You guys always talk about the things you love about Colombian adoptions....what about the things that drive you nuts? What are some of the things that drove you crazy during the process??
1. the waiting
2. the waiting
3. the waiting
4. did I mention the waiting??? :)
Really and truly, that is the only thing that is driving me nuts about this process right now. I thought the dossier was very easy to put together (maybe because it was our second one??), and I love that the process is predictable and understandable. And, in the end, I know the wait is for good reason and it will be worth it. My very impatient half just needs to be reminded every once in a while... :D
Hugs to kept me going waiting for Guatemala to come to their senses and send our kids home. Just know we are waiting this out with you!! We love you!!
Other way around, my wonderful friend!!!! :grouphug:
You know what it is...we just have to have our second kids come home at the same time again so we can marry them off too!! :D
I second the waiting...waiting...waiting
Also, having to do my psyche eval over.
Also, having to have everything apostilled.
Since this is our third Colombian adoption in three years (not our third start to finish), I am finding all of the paperwork a bit exhausting. Psych eval...yuck. (Still mentally stable three years in a row!) Notaries who don't know what they are doing...yuck! Apostilles...yuck! However, no matter which country you choose you would have some form of paperwork and red tape to muddle through, so I'd assume that the hardships in Colombian paperwork are probably no greater or worse than other countries since I have no other experience to compare it to.
As far as the time in country goes, I don't mind at all the length of time in country, even up to the 8+ weeks. The thing that makes it seem like a "hardship" (as the title states) for me is not knowing the length of stay. I am a planner and do much better when I can plan and budget my time and finances. Oh, and well, the cost of staying anywhere for that length of time gets to be costly, too. My husband has had to return for work both times and will have to again. It is just the way his job is, so that makes it a little more difficult. We love Colombia and are very comfortable staying there, but the unknown timeframe makes it harder. We always miss it when we get home.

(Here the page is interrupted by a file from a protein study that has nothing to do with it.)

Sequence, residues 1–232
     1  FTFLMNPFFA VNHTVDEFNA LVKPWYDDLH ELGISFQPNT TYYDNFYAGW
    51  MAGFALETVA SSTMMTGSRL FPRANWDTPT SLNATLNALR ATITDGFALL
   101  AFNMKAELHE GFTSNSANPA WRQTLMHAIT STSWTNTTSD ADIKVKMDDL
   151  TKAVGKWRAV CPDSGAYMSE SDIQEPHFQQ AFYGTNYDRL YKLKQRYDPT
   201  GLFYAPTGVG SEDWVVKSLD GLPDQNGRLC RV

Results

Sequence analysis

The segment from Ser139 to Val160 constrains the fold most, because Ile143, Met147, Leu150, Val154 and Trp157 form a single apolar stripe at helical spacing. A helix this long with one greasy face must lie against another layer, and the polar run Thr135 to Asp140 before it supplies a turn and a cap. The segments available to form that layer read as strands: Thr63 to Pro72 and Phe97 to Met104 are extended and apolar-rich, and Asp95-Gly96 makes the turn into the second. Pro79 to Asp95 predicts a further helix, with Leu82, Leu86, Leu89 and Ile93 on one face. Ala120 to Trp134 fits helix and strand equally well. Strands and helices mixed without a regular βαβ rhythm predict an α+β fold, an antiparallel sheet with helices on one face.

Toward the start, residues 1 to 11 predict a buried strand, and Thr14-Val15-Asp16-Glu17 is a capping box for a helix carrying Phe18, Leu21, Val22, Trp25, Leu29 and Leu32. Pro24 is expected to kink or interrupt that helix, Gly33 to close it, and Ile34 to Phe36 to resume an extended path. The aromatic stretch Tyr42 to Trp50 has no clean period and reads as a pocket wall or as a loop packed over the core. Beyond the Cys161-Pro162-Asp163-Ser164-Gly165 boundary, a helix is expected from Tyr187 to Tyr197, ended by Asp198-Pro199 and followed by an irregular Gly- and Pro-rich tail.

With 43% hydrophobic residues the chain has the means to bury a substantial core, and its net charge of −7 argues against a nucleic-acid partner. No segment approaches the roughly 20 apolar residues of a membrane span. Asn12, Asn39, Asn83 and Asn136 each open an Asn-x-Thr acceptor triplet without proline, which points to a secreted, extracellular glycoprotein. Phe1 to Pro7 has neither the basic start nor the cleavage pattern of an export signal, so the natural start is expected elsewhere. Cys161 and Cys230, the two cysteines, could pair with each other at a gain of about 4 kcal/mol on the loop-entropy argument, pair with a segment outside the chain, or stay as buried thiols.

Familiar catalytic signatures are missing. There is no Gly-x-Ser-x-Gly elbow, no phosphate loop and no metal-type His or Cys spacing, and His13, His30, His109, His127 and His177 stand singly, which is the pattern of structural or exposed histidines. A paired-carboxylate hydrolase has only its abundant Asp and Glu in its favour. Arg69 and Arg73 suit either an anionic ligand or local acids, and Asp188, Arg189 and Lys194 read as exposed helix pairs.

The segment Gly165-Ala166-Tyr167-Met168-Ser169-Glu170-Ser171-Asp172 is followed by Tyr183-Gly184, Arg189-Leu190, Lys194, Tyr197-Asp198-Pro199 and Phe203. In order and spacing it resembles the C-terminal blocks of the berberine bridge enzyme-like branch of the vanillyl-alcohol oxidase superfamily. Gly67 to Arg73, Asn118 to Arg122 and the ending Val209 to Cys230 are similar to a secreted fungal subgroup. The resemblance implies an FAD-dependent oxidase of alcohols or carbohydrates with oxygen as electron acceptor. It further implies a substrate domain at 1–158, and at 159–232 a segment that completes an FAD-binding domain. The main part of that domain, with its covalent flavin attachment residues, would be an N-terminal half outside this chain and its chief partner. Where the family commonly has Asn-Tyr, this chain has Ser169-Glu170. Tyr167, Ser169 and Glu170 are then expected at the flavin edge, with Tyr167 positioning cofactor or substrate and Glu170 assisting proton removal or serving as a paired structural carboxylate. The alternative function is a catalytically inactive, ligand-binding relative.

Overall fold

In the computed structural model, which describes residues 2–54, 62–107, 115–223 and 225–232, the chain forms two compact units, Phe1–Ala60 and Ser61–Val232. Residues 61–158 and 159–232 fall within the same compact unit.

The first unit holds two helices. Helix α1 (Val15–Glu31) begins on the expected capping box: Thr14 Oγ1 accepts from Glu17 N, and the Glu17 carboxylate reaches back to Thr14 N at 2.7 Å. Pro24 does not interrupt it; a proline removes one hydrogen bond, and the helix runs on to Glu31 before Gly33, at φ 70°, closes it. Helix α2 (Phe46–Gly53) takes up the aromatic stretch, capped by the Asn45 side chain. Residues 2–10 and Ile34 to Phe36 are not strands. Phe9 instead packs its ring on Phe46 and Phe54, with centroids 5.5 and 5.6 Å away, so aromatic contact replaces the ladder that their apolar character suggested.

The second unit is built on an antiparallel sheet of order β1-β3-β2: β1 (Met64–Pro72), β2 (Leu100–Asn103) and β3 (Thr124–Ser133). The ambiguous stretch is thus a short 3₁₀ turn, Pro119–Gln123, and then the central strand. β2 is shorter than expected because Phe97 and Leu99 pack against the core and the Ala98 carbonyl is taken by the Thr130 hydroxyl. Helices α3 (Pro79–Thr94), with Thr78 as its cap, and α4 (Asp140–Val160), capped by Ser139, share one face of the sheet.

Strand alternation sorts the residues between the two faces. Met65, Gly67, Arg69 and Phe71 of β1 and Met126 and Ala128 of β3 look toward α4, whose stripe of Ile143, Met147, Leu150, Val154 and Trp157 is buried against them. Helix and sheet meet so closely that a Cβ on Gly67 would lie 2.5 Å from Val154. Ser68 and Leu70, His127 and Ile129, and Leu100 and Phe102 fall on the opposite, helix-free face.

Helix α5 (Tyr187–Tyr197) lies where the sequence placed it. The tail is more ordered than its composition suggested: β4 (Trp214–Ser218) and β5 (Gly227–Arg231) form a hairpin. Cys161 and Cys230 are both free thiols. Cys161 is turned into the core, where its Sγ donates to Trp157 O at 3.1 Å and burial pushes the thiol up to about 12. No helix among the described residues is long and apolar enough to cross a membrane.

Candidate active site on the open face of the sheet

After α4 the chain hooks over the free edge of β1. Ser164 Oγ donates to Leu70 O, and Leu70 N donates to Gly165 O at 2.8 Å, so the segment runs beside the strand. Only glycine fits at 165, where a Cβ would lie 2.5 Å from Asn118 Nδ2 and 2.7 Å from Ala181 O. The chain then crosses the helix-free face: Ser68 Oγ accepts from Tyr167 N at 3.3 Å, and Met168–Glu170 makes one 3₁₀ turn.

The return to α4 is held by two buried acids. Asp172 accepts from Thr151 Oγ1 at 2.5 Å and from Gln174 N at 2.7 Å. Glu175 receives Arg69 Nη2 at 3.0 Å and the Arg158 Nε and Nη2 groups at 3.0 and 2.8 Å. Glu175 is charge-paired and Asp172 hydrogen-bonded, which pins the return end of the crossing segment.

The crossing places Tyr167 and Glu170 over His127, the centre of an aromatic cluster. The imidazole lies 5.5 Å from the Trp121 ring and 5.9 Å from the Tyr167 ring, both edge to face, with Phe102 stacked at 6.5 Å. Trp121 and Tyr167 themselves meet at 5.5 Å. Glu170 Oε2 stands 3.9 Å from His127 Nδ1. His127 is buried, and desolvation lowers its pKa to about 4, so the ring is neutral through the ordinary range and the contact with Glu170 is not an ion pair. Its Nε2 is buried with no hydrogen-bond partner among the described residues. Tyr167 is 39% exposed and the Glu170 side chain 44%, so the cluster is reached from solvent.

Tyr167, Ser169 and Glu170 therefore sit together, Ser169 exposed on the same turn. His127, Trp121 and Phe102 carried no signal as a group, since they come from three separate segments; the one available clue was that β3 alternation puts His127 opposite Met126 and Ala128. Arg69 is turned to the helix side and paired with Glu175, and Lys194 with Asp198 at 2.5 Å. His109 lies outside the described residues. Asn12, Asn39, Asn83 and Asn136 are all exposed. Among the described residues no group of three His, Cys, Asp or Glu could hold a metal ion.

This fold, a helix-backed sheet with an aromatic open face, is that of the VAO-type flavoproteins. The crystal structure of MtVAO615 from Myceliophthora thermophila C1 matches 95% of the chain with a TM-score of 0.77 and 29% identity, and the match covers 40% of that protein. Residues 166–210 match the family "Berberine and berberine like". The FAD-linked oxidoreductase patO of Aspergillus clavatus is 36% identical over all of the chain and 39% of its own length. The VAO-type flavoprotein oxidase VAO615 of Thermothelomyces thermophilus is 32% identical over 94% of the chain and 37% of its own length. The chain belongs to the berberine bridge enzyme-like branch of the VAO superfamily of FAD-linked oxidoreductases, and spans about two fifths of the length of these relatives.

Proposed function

Well, being here now, the thing that is hardest for me is the waiting for Sentencia. It could come on any day now, so I never want to leave the hotel incase the call comes, but I'd go crazy if I stayed cooped up inside here all day! It's along the same lines as Megan - I don't mind the long in-country stay (I've really enjoyed my time here!) but it would be so much better if I just knew the date we could travel home!
My frustration so far is that the Division of Public Records lost my husband's doctor's letter that they apostilled. They have no idea where it went, but they know that it was apostilled. This just happened to me yesterday. Ugh, so now we're back to the doctor's office!